92:3 وَمَا خَلَقَ الذَّكَرَ وَالْأُنثَى
- Wa mā khalaqa-(a)dh-dhakara wa-(a)l-‘unthā
- And (by)he who created the male and female
Traits characterizing the first type of individuals are distinguished here by three signs: (1) sacrificing their wealth: (2) adopting taqwa (God-consciousness): and (3) recognizing and supporting all that is morally correct (wa şaddaqa bi-(a)l-ĥusnā). The second character type – described in verses 8 through 10 - are also distinguished by three signs: they are miserly and do not give of their wealth; they are arrogant and think themselves independent of Allah’s Will (92:8); and (3) knowingly dishonoring Truth out of spite, or seeing ugliness where there is beauty. Then, it is stated that these two modes of action, which are clearly divergent, cannot be equal and alike in respect to results, i.e., just as they are divergent in their nature, so they are divergent in their results.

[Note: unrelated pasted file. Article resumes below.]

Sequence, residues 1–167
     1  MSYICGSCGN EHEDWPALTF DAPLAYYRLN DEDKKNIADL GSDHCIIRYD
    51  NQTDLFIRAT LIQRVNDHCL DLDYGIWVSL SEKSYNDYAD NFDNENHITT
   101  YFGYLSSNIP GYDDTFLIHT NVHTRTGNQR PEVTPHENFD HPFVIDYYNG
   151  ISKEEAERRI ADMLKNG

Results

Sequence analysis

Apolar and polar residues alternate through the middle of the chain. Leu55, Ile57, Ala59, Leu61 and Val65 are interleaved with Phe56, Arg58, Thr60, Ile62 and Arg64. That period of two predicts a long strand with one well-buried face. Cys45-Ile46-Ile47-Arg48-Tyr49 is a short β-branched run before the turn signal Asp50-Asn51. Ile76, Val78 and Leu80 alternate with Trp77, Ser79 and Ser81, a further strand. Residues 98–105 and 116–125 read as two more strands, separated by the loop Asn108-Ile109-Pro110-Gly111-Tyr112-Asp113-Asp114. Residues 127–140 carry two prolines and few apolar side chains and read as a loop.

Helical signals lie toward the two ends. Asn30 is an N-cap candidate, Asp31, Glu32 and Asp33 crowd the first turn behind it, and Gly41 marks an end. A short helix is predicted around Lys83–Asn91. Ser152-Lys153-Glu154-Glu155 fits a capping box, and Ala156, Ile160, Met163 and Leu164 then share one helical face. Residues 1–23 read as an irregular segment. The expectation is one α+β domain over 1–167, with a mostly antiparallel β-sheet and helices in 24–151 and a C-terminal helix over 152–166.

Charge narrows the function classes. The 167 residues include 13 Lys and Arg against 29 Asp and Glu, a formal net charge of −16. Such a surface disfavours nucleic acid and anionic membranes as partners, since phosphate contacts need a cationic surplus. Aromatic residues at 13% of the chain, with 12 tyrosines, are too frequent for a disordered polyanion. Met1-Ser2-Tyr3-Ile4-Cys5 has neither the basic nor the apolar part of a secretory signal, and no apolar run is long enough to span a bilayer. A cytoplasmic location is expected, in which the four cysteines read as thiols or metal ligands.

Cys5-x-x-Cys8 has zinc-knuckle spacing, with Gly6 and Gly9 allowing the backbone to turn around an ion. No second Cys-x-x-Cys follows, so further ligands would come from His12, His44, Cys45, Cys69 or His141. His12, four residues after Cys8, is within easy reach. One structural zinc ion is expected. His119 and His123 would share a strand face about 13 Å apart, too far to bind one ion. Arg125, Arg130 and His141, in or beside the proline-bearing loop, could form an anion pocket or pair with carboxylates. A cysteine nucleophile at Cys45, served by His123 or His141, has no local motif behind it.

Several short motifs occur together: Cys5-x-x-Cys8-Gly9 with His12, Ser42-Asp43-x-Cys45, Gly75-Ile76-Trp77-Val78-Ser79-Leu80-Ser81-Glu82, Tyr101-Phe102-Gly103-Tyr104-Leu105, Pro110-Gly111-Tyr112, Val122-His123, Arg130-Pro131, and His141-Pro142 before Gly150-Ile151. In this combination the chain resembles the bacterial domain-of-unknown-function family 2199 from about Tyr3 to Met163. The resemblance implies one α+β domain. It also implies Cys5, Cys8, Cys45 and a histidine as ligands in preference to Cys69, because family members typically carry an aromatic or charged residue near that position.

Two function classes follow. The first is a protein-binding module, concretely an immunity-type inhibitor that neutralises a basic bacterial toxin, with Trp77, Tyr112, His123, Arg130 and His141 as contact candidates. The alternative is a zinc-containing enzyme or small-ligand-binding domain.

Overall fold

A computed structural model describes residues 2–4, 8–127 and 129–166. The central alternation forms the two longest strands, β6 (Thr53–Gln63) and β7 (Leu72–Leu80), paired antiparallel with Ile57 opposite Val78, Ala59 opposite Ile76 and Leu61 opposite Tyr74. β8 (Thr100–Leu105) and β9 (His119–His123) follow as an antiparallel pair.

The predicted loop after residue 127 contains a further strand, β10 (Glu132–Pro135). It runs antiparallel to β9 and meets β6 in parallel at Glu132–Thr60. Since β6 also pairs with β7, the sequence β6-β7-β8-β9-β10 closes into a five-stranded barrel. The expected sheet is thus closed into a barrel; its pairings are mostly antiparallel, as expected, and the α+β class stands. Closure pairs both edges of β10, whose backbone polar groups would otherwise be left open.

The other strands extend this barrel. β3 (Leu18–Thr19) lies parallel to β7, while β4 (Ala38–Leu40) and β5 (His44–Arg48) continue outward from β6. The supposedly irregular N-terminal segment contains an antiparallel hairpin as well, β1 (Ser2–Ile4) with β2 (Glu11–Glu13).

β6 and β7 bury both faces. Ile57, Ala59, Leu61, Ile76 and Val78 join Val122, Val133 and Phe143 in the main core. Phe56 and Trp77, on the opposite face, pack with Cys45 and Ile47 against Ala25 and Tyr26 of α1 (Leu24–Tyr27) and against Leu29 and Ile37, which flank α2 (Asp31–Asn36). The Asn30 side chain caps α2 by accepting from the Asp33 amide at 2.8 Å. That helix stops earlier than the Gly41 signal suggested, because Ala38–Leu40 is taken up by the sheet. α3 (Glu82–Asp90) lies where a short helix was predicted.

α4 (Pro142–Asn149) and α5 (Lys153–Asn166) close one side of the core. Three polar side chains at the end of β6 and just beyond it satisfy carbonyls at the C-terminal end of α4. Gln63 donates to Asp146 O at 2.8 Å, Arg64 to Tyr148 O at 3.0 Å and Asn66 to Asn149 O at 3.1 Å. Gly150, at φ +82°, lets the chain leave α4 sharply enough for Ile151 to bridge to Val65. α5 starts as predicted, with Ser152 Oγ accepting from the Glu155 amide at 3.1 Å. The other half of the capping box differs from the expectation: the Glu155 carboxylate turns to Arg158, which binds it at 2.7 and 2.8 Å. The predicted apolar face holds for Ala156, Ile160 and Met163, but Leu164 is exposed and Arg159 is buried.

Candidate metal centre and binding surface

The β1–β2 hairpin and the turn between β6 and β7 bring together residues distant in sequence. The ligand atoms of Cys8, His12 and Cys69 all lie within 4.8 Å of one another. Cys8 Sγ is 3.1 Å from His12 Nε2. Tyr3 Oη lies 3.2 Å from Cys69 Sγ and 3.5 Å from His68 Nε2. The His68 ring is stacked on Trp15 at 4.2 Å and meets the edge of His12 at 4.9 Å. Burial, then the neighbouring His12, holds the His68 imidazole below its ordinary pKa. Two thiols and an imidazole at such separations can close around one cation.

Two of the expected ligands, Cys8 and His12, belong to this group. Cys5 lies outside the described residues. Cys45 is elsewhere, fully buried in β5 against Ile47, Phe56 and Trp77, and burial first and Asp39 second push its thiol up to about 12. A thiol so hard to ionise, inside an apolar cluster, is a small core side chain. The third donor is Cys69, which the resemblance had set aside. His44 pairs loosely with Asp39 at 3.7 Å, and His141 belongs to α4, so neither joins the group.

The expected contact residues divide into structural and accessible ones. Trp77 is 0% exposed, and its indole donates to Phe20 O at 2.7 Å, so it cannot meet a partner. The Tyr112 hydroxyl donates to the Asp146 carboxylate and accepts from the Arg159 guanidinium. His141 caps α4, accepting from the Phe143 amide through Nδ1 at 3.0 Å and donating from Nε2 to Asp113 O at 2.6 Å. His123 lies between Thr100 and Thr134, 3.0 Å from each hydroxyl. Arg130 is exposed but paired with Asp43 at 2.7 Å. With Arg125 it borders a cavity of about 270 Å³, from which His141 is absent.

Narrated ’Alī ibn Abī Ṭālib: We were in the company of the Prophet in a funeral procession at Baqi Al-Gharqad. He said, "There is none of you but has his place written for him in Paradise or in the Hell-Fire." They said, "O Allah's Apostle! Shall we depend (on this fact and give up work)?" He said, "Carry on doing (good deeds), for every body will find it easy to do (what will lead him to his destined place)." Then he recited: 'As for him who gives (in charity) and keeps his duty to Allah, and believes in the Best reward from Allah (i.e. Allah will compensate him for what he will spend in Allah's way). So, We will make smooth for him the path of ease. But he who is a greedy miser... for him, the path for evil.' (92.5-10)